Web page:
The Wolf administration had ordered hospitals to postpone elective procedures last month in an effort to preserve hospital capacity and medical supplies. The health secretary, Dr. Rachel Levine, said Monday the department has issued guidance allowing the procedures to resume, as long as a hospital can show it has enough personal protective equipment and meet other conditions.
An analysis commissioned by The Hospital and Healthsystem Association of Pennsylvania said the cancellation of elective surgeries and deferral of medical treatments -- from which hospitals derive a large portion of their income -- resulted in a nearly $1 billion revenue hit in March alone.
MAIL-IN VOTING LAWSUIT
A new lawsuit seeks to force Pennsylvania elections officials to accept absentee or mail-in ballots as long as they are received within a week after the primary or general elections during the COVID-19 pandemic.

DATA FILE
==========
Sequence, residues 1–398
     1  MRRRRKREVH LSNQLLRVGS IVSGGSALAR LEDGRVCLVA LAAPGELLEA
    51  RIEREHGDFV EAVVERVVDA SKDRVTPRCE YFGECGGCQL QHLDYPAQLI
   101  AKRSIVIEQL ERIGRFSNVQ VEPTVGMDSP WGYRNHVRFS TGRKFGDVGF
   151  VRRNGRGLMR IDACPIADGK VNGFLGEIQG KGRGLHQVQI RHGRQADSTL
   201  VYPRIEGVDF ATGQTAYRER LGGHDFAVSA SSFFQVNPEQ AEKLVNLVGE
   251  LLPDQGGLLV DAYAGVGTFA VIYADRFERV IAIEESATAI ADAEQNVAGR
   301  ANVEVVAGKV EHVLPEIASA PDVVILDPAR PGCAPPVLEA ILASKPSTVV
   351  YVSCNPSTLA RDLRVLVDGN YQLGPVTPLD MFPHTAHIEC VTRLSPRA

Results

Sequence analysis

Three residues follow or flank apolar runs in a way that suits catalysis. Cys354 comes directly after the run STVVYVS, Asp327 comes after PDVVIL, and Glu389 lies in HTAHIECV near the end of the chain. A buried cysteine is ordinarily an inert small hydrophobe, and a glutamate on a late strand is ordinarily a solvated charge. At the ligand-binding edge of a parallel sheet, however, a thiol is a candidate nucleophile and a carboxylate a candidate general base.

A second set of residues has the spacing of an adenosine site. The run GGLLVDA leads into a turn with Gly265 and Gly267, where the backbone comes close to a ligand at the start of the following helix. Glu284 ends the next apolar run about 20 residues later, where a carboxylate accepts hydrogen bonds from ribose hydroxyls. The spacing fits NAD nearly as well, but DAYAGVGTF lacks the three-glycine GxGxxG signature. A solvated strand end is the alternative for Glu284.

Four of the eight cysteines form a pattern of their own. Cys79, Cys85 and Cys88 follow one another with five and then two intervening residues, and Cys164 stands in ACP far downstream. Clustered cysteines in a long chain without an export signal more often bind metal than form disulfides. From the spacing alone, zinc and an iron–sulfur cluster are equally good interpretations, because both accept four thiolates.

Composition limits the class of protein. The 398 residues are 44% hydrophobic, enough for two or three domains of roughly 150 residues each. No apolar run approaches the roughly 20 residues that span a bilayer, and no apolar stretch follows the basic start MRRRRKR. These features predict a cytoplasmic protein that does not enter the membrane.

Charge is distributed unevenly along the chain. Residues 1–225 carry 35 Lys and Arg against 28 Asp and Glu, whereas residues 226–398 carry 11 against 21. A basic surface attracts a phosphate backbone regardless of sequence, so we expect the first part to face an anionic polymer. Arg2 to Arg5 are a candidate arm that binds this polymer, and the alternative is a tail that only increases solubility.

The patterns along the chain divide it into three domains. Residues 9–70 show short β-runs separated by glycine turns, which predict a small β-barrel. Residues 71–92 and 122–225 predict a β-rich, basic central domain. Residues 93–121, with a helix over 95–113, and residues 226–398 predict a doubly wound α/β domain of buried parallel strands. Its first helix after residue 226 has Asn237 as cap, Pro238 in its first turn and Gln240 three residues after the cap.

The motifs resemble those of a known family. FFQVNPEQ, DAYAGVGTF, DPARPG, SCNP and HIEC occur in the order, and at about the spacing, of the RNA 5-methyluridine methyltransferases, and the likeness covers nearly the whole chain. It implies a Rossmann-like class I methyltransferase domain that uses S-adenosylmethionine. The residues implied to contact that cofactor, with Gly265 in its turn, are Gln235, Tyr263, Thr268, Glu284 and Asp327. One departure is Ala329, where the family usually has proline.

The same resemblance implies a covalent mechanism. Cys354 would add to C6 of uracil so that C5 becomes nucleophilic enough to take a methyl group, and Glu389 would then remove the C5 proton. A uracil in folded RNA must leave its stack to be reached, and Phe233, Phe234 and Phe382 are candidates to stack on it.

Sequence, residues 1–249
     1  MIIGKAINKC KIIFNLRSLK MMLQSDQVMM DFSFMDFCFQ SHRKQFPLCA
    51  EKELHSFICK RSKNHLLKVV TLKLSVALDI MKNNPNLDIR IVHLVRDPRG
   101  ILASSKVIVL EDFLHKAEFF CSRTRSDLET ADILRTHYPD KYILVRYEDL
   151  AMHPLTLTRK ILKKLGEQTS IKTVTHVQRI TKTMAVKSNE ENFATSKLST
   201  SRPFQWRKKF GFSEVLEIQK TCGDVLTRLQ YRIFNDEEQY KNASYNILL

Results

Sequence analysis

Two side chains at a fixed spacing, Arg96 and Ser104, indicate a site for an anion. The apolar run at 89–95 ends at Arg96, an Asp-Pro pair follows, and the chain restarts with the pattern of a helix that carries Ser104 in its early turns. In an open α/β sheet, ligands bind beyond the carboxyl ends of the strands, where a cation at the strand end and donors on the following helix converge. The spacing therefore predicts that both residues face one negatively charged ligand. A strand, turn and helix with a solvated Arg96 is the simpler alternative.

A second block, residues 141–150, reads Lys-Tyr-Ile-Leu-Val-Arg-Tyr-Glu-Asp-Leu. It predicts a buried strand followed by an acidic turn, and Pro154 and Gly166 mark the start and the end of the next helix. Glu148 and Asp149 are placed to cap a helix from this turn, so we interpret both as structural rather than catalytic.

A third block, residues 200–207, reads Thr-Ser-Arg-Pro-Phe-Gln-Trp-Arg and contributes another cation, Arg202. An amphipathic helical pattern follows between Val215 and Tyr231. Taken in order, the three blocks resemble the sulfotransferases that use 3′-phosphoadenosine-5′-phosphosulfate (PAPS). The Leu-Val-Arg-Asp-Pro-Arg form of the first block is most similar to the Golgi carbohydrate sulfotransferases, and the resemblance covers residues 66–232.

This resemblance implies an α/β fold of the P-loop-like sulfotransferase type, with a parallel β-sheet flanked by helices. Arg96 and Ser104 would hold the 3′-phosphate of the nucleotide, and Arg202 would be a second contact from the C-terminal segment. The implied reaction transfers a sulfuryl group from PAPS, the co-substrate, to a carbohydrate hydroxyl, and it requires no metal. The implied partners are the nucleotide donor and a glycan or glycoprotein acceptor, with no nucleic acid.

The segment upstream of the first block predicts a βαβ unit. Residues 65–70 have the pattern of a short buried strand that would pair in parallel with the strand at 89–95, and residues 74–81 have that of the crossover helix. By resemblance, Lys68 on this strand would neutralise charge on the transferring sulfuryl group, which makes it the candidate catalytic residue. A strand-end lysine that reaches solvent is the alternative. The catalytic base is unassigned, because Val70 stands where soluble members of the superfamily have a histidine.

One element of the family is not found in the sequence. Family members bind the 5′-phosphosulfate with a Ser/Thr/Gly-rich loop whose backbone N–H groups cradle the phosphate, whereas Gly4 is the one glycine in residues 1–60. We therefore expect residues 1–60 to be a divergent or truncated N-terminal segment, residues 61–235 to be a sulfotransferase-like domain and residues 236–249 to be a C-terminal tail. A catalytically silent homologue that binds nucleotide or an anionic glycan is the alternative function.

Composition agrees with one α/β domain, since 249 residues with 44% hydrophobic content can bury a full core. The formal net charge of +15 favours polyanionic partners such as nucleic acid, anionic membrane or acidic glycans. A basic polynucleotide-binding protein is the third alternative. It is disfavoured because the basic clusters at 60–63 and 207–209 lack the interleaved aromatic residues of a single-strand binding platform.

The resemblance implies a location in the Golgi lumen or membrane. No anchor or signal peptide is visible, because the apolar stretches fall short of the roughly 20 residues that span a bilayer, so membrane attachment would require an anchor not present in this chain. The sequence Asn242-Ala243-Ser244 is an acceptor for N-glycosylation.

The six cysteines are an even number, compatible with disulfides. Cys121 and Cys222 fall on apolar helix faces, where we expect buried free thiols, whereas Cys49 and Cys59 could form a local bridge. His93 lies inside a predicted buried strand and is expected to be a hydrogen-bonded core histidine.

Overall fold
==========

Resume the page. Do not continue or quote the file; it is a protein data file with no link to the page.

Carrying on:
The groups and voters who filed the lawsuit on Monday with the state Supreme Court argued current deadlines threaten to invalidate otherwise properly cast votes.
They are seeking to have the court order that ballots be accepted if they are mailed by election day and received within a week afterward.
They argue that postal delays from the COVID-19 pandemic could cause ballots to be received too late to count. The deadline for county elections offices to receive absentee and mail-in ballots is currently 8 p.m., when polls close, on election day.
Pennsylvania’s primary has been postponed until June 2.
The state legalized mail-in ballots last fall and they will be used for the first time this year.